However, despite your dog’s ability to do lean naturally, we can make them better at it through conditioning.  Although general conditioning practices will help improve limb strength, balance and body awareness, you need to do specific exercises that load one side of the body (ipsilateral), and they need to be performed at multiple angles as well, like the ones that have been shown here.

You might have heard of the SAID principle, Specific Adaptation to Imposed Demands. To build a strong, injury free foundation, your dog should perform conditioning exercises from a square, balanced, uniform base. However, this will yield minimal results for improving your dog’s ability to turn. If you don’t stress your dog’s body, in a similar fashion to what it takes for them to turn, their nervous system won’t adapt to doing it.  It’s simply not how things work. And this is, in part, a significant reason why many people don’t achieve their conditioning  goals. When I trained human athletes the saying was, “If you don’t train it in the gym, you won’t see it on the field”.

So if you want to see your dog turn tighter and faster you have to give them the strength, balance, and body awareness to do so with specific exercises that can make that happen. Keep in mind, canine conditioning exercises -and full extension exercises in particular- create the risk of injury during execution. It is best to seek instruction from a veterinary or canine conditioning professional before starting a conditioning program with your dog.

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7 thoughts on “Conditioning Tighter Turns For Agility Dogs”

  1. I am curious as to why the wobble board would be trashed using it like you do with the Bosu ball? Much more convenient to do the lean exercises like this than dragging a plank into the house using 2 Bosu balls!!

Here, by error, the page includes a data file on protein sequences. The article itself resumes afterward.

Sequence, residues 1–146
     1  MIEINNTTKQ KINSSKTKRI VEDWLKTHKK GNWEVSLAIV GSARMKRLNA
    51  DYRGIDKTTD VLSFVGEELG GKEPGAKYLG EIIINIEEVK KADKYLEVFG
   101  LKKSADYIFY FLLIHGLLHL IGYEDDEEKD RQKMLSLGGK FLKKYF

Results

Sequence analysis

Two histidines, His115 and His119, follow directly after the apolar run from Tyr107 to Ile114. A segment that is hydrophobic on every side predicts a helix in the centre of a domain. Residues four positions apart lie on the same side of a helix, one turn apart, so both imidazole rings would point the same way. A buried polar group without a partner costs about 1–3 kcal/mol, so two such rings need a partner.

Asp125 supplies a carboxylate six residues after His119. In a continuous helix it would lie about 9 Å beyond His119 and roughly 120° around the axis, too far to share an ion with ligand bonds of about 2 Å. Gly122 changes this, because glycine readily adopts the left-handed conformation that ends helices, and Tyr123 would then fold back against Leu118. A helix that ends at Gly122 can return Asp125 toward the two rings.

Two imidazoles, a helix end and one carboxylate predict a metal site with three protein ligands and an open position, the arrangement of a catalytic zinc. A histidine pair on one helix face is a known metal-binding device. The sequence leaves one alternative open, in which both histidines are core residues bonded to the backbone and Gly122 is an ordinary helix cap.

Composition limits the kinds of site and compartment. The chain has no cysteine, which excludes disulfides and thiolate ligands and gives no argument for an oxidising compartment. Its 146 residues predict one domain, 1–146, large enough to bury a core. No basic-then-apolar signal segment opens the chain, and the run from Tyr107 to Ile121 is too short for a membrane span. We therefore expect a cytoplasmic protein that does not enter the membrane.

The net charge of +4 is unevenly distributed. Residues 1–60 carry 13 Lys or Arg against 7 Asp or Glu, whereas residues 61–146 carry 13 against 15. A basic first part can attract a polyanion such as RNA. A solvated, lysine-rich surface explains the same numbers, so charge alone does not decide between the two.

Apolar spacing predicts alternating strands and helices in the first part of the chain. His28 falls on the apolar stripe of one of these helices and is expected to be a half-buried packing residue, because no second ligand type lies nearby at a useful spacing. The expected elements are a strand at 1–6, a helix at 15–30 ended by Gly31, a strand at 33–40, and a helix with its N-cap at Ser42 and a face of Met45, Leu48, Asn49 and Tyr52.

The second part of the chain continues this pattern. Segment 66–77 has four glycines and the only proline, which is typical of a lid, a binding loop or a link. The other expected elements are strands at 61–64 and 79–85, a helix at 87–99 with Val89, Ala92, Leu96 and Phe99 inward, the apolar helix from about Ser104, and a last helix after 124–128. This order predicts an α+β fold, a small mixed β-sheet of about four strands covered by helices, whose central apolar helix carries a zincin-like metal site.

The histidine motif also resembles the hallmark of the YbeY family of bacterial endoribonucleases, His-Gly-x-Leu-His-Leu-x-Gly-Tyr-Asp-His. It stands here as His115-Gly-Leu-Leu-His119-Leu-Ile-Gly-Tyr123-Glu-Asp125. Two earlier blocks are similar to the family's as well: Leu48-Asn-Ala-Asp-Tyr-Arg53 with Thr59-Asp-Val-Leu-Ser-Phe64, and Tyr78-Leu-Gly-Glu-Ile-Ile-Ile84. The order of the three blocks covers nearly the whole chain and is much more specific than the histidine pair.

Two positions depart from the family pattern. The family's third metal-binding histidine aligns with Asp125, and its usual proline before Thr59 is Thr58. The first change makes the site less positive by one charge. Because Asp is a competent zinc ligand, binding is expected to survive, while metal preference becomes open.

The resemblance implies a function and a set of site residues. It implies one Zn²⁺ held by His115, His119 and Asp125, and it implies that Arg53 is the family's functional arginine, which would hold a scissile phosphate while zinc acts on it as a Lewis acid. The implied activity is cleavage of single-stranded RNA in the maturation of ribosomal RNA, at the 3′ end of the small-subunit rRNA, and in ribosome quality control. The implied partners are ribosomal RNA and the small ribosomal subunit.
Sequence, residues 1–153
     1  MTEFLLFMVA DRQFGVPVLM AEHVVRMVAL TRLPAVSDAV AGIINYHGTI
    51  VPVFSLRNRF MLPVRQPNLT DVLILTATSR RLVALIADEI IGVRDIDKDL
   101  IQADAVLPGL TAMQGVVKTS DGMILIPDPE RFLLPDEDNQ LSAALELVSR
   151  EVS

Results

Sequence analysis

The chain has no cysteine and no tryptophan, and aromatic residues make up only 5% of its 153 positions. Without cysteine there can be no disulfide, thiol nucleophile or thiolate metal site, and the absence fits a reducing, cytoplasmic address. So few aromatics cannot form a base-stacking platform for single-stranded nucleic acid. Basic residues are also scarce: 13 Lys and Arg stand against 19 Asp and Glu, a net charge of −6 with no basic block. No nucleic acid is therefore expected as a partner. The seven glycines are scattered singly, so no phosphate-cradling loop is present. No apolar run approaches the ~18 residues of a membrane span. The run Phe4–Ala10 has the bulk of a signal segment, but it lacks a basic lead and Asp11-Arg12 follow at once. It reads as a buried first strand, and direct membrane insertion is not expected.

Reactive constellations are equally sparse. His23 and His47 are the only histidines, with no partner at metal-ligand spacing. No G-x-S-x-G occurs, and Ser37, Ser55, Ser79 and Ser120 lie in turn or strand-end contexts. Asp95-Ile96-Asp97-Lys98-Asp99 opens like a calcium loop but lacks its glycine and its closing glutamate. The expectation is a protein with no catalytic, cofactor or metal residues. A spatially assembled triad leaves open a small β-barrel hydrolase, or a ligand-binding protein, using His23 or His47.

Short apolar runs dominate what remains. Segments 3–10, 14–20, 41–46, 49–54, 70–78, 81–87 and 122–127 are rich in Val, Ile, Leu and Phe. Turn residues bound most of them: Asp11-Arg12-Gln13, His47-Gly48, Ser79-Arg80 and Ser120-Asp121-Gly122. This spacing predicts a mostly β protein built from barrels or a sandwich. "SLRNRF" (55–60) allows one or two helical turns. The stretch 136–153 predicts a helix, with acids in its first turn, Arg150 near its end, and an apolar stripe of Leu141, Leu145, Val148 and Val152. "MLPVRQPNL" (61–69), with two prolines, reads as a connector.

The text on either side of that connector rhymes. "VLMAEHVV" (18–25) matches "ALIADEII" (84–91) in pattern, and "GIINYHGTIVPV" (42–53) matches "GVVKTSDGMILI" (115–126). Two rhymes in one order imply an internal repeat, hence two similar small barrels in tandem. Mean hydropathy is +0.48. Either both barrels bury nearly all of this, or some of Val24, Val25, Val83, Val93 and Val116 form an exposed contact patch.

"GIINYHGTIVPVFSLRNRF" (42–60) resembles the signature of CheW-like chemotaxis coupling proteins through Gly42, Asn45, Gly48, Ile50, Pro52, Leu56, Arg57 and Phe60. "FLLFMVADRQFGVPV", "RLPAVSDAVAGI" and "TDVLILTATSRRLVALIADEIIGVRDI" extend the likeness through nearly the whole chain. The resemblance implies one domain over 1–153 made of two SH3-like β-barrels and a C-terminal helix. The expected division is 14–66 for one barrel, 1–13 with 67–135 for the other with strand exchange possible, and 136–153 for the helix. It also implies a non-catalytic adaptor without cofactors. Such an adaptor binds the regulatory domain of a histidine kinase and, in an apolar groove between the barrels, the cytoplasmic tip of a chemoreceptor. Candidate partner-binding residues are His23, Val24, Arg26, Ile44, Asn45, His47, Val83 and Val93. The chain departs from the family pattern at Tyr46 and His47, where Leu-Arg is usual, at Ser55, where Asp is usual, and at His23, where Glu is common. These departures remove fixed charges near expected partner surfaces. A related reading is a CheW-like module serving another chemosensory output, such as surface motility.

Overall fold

1. Because you have to remove the ball from the bottom of the board. After I did it, I realized it wasn’t something that I could just take off and put back on easily or as needed.

  2. Can you, please, add more details on the exercises to condition the dog for stronger more aware body in tight turns. Mine will do really tight turns, but sometimes her feet will slip from under her. I believe exercises like these would be very helpful.
    Thanks

    1. Hi! What you’re describing could be a couple of things. First is the surface. If she cant get enough traction on the surface then her feet will slips. If it’s not the surface then it sounds like she’s leaning too far to the side she’s turning. If she’s leaning too far there could be a few things going on, but a body awareness issue is probably the cause. She simply leans as far as she can to turn as fast as she can and sometimes it’s just too much. The Fitpaws wobble board exercise is probably a good one for you to practice. I will shoot a more detailed video explanation in the future. Most of our videos go up on Facebook first so be sure to follow us on Facebook.
      Thanks
      Jeris